Posted by: Wulf at October 29, 2006 7:27 PM
Comment #191365
bogus charges of racism and cultural insensitivity

Let’s see. He used an offensive term to describe someone of a different race. He assumed that someone of a different race wasn’t born in America (he was born and raised here). His mother had to apologize when telling him that she (and thus he) had Jewish roots. Good friends from his college years say that he often used the n-word, and he proudly displayed the Confederate flag (though he wasn’t actually from the South).

Hmmm… Not so sure about your defense of him, Scottie.

Posted by: LawnBoy at October 29, 2006 8:07 PM
Comment #191370

I’ve read a great deal of fiction, and you could use the words of a great many popular authors to allege they were perverts or folks with unusual inclinations…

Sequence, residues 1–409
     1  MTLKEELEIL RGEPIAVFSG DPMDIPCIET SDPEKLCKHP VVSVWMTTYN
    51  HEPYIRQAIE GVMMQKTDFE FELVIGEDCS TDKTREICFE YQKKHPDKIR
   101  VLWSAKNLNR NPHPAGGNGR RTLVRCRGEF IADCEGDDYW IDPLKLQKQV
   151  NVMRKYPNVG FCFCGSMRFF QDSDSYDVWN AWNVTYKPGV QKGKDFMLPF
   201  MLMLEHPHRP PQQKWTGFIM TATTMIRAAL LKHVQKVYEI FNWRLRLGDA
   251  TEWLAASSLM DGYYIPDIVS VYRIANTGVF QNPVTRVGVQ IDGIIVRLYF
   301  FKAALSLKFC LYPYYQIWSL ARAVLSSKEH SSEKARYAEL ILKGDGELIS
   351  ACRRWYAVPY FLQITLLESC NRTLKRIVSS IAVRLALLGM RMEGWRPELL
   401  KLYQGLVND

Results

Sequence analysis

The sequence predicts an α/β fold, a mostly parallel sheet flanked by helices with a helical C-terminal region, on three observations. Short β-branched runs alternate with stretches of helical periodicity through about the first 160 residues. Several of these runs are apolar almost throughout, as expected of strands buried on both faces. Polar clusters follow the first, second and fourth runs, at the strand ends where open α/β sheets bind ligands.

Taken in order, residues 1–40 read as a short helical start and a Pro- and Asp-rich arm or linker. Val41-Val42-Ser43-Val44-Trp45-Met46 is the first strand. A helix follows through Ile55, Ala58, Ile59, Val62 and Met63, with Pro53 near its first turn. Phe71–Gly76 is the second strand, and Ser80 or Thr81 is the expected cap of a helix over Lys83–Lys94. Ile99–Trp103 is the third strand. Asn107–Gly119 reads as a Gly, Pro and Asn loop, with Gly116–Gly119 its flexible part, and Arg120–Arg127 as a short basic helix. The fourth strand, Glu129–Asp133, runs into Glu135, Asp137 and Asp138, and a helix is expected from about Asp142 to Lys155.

…so long as you were willing to take everything out of context and forget that depicting and approving of a thing in a book are two different things.

It’s telling that Webb’s opponents have to dig up isolated passages from fiction to smear his character. Unfortunately for them, the stuff they get whacked on is mostly real.

Posted by: Stephen Daugherty at October 29, 2006 8:37 PM
Comment #191371

Lawnboy, you forgot one — check out my link and that picture of Allen. Not a racist? It is to laugh!

Posted by: Adrienne at October 29, 2006 9:02 PM
Comment #191373

Stephen, very well said.

Posted by: Adrienne at October 29, 2006 9:04 PM
Comment #191376

You’re right, Stephen, and a whole lot of popular writers would never get elected to public office for just that reason.

I liked Webb at first, but he’s run an extremely sleazy campaign (and Allen hasn’t been much better). As a Democratic Senator from Virginia, Webb would most likely be at the top of potential presidential contenders by 2012, but it looks unlikely now that it will happen.